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‘ [126] lines, I determined to capture him. There was nothing about him to indicate his rank, but I presumed that he was an officer. The bend in the fence prevented him from noticing my approach. Indeed, he was looking to the front as I came on his rear, and the ground being soft near the fence line, he did not hear my horse's step. I would have run him through with my sword, but I was incapable of stabbing any man in the back. I saw when I got near him that he was of formidable stature, and as his pistol was in his hand, I was sure that if I ordered him to surrender he would instantly turn and fire upon me. He was mounted on a horse of light chestnut color, which I thought was the finest animal I had ever seen. It was a sore temptation to a cavalry officer, and I at once changed my plan and decided to unhorse the rider and capture his splendid mount. As I struck the blow he turned upon me. It was a half mile race for life. I heard his pistol snap three times at my back, and also his parting curse, as I went through the gap in the fence.’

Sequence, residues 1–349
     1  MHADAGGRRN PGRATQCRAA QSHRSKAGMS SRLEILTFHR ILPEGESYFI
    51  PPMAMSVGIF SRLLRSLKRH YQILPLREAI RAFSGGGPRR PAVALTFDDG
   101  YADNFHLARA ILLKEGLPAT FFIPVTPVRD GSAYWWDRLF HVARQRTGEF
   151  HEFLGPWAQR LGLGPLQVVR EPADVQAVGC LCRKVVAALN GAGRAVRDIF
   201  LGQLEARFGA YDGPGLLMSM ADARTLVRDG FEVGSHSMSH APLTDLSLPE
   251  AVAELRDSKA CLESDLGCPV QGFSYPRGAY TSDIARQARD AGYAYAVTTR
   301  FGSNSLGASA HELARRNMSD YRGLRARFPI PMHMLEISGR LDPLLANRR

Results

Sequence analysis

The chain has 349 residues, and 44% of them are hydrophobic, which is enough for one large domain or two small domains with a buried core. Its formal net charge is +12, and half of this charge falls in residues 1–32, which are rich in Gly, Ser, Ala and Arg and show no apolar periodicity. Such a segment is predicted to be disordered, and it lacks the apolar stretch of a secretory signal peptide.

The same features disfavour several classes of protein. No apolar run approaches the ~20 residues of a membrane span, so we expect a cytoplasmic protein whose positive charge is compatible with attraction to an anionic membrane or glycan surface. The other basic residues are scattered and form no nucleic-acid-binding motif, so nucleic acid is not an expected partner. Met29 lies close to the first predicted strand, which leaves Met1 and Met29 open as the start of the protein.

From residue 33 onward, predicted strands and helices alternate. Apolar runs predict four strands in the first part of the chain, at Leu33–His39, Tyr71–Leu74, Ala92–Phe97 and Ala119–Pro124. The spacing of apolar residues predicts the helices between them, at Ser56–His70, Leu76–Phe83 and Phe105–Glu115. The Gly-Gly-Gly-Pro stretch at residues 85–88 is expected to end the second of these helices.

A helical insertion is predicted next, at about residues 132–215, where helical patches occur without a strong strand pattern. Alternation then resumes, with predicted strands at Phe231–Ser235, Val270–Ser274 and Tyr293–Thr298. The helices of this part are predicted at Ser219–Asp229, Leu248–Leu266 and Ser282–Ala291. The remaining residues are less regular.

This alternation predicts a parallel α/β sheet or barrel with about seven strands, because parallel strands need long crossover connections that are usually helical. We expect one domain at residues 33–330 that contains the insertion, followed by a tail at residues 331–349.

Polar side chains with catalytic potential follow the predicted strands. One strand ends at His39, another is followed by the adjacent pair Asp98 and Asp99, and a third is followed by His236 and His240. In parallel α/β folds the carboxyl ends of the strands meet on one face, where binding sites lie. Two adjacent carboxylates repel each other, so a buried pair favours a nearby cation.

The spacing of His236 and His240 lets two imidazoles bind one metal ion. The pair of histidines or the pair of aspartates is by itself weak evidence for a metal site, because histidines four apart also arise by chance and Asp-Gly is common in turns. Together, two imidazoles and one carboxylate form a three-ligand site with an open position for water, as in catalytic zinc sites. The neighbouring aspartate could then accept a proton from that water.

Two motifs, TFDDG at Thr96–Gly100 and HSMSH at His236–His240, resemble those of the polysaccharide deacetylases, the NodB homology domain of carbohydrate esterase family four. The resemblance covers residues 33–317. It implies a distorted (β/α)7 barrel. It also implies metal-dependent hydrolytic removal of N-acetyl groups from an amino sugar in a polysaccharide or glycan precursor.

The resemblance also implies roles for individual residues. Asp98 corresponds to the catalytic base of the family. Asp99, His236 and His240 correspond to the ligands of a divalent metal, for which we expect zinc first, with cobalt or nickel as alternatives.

Colonel Hampton delivered the explanation tendered by Major S. (for he rose to that rank), and later General Hampton acknowledged it by letter, assuring Major S. that it had given him great gratification, and since he had received it he could only regard the failure of his pistol to fire with a deep sense of gratitude to Him in whose hands are the balance of life and death.

In reply to an inquiry to Hampton, Major S. wrote that the name of the rollicking rifleman was Frank Pearson; that he was but nineteen years old at the time of the duel; that the pistol ball had wounded him a few inches above the wrist, and that he was mustered out of service at the close of the war as lieutenant, and was a successful farmer living near Kalamazoo, Mich. Subsequently General Hampton received a letter from Mr. Pearson himself, in which he assured the General that he was glad he had missed him, and the General responded that he was very sorry that he had wounded Private Pearson.

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